Bribery and Corruption
Bribery is illegal. It is an offence for British nationals or someone who is ordinarily resident in the UK, a body incorporated in the UK or a Scottish partnership, to bribe anywhere in the world.
In addition, a commercial organisation carrying on a business in the UK can be liable for the conduct of a person who is neither a UK national or resident in the UK or a body incorporated or formed in the UK. In this case it does not matter whether the acts or omissions which form part of the offence take place in the UK or elsewhere.
Colombia ranks joint 80th in the world in the 2011 .(CPI) putting it alongside Peru and ahead of Argentina, Mexico and Venezuel in the region. Other data from Transparency International suggests that the problem is most serious in the political field, although it is also present in business. A number of high profile cases, primarily involving construction projects and local government authorities have recently been brought to prosecution.
Although the security situation in Colombia has improved considerably in recent years, the threat of terrorism is still high in many parts of the country. In Bogotá, where the threat has decreased in recent years, indiscriminate attacks do still occur. A attack targeted at a former Minister killed two of his security team in May 2012. A car bomb on 12 August 2010 near the studios of Caracol Radio Station in northern Bogotá is reported to have injured at least nine people A previous bomb attack on a video rental store in north of Bogotá on 27 January 2009 killed two people and injured at least twenty others. You should be vigilant, particularly when visiting or staying in public places used by expatriates and foreign travellers, and in the vicinity of government buildings and military establishments.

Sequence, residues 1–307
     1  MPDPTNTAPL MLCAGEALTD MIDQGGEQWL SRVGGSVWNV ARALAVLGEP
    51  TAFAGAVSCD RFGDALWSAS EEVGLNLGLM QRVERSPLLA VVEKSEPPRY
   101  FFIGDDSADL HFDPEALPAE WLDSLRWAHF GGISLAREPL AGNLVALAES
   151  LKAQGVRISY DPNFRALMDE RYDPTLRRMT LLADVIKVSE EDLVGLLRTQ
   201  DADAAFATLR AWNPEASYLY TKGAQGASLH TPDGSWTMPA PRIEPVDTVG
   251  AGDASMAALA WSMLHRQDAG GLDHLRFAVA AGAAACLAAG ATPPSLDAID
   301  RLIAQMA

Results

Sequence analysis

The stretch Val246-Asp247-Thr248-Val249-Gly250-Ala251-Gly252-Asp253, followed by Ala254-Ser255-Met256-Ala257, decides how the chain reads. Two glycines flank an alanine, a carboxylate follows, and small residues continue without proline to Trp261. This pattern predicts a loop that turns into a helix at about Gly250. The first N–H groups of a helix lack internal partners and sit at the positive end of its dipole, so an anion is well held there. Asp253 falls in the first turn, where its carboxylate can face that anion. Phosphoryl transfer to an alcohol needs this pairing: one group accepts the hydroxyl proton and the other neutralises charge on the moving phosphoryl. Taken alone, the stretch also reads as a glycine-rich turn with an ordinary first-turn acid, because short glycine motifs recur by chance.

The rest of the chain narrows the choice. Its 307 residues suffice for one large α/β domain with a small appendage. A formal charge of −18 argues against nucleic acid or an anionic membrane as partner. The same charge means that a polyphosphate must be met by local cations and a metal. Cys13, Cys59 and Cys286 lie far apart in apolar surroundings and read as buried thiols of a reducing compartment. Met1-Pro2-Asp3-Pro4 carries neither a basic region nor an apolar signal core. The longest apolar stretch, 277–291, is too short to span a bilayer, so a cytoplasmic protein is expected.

There are a number of illegal armed groups operating throughout Colombia. Because they are mobile there are many parts of the country where it is not possible to determine in advance whether they will be unsafe at a particular time. In general, the more remote the area, the greater the threat to your safety. If it is essential that you travel to areas that are remote or reported to be dangerous, you are advised to seek professional security advice and make arrangements for your security throughout your visit. You should seek up-to-date advice from the local authorities before each stage of your journey.
Protective Security Advice
While most visits to Colombia are problem free, visitors should be aware that problems can arise.
Criminal activity in urban areas, including Bogotá, is relatively common. Crimes such as mugging and pick pocketing are often accompanied by violence. Foreign visitors present a tempting target to thieves, pickpockets and drug traffickers. When walking in urban areas, you should avoid any unnecessary display of wealth. You should only use pre-booked taxis, where possible. You should be wary of unsolicited approaches from strangers.